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Unformatted text preview: h Studies in
medical and other scientific matters is attributable not only to the fact
that these subjects were practical and safe (that is, unlikely to be connected directly with Christianity), but also, it appears, to the general temperament of the men drawn to study them. The rangaku scholars were of
a type who had an insatiable curiosity about all manner of things, who
loved to experiment simply for the sake of experimenting and, because of
their instinctively pragmatic approach to life, were not especially attracted
to questions of social or political ideology. Most of the early rangaku
scholars dabbled in many fields, including medicine, botany, astronomy,
and geography. As we shall see, they also practiced painting in the Western
style by employing the techniques of realistic perspective and chiaroscuro;
but their interest in Western ideas and philosophy was conspicuously
slight, even allowing for their wish to avoid the topic of Christianity.
Toward the end of the eighteenth century and the beginning of the
nineteenth, however, there appeared a number of scholars of Western
learning who devoted their attention increasingly to questions of military
preparedness, economics, and foreign affairs, and who also advocated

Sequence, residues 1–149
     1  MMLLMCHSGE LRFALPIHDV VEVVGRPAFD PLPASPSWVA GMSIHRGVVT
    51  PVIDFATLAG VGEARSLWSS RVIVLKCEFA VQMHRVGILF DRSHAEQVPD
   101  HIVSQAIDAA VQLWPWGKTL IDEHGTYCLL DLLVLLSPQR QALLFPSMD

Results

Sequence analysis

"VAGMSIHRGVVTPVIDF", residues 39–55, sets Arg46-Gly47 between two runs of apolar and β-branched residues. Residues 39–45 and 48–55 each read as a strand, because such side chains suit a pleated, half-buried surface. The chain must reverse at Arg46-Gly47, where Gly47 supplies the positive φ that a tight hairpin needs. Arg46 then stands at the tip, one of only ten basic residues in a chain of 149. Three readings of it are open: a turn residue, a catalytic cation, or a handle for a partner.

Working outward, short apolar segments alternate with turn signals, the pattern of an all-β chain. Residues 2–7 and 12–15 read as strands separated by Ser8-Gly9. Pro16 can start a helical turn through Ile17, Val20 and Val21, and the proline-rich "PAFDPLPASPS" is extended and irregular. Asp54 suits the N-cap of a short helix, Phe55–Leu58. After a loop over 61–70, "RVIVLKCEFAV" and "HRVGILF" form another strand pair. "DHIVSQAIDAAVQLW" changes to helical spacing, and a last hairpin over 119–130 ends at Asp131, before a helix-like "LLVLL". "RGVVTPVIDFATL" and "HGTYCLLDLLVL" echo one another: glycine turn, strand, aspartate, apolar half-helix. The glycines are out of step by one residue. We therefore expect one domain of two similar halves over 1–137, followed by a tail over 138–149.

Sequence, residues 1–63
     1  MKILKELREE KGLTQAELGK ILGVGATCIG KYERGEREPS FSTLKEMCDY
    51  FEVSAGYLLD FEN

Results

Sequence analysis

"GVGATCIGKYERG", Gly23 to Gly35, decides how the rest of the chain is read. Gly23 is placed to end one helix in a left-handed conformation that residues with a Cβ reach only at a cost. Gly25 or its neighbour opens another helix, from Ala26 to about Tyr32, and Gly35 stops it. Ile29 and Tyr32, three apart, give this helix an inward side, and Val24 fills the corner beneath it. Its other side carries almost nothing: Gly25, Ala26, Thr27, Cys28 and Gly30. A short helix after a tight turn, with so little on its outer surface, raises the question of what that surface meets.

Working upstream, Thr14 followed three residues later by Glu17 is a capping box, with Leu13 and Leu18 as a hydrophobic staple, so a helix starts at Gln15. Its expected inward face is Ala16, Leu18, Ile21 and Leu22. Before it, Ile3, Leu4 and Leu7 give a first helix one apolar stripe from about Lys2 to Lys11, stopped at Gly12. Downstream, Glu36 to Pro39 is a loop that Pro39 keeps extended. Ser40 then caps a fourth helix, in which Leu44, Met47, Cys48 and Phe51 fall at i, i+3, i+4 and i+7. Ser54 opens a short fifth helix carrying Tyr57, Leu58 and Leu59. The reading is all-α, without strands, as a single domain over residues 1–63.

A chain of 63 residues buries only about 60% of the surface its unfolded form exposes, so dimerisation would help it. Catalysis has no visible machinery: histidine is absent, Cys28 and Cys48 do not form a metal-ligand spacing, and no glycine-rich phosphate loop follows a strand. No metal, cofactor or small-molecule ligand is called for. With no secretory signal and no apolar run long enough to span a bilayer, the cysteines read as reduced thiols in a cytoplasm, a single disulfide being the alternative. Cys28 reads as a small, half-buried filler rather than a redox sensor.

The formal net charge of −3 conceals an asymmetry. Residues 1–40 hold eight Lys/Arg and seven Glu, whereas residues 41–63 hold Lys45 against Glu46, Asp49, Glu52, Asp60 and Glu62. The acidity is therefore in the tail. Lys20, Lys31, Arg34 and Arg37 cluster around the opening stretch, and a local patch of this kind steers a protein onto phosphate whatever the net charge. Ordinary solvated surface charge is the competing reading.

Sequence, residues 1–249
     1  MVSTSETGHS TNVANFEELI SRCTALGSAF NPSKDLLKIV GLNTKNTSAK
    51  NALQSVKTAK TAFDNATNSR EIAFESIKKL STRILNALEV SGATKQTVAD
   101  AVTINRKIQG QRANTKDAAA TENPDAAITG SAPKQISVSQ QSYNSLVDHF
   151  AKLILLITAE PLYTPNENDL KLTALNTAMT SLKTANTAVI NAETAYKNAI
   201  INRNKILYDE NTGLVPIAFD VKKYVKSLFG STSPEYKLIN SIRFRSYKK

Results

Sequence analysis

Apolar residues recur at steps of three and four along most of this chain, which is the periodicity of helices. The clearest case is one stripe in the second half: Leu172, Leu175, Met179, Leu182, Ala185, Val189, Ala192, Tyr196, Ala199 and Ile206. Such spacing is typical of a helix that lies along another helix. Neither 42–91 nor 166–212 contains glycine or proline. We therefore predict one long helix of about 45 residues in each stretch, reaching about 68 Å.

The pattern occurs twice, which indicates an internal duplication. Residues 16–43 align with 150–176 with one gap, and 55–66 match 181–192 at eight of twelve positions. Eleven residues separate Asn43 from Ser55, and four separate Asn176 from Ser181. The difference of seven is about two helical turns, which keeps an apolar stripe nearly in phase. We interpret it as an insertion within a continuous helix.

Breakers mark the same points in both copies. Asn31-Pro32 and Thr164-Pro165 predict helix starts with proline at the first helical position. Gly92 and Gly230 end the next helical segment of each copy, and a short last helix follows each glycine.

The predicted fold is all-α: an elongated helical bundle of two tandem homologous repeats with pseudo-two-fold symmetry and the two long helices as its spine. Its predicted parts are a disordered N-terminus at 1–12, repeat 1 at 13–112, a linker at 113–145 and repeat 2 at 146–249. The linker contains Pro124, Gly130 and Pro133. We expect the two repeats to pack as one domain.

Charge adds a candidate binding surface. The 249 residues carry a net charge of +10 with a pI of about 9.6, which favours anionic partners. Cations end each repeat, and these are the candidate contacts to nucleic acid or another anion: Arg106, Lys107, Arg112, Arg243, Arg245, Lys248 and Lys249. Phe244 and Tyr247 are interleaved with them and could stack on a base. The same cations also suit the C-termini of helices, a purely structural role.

programs of action. Among the reasons for this were the perennial, although ever more pressing, problems of the Tokugawa period: the disequilibrium caused by the growth of commercial markets and a complex
monetary system in a state still theoretically based on a natural economy;
the inability, because of the seclusion policy, to alleviate domestic economic difficulties by increasing foreign trade; and continuance of the
samurai as a largely idle class separated from their main source of income,
The shogunate attempted to deal with these and other problems by
undertaking a series of great reforms, the first of which was conducted
by the shogun Yoshimune in the second quarter of the eighteenth century.
But apart from some worthwhile programs, such as the encouragement
of land reclamation, diversification of crops, and the adoption of more
equitable and human penal laws, these reforms were largely traditionalistic and ill-suited to solving difficulties created chiefly by...
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This note was uploaded on 02/08/2013 for the course ANTH 142 taught by Professor Hans during the Spring '13 term at UBC.
- Spring '13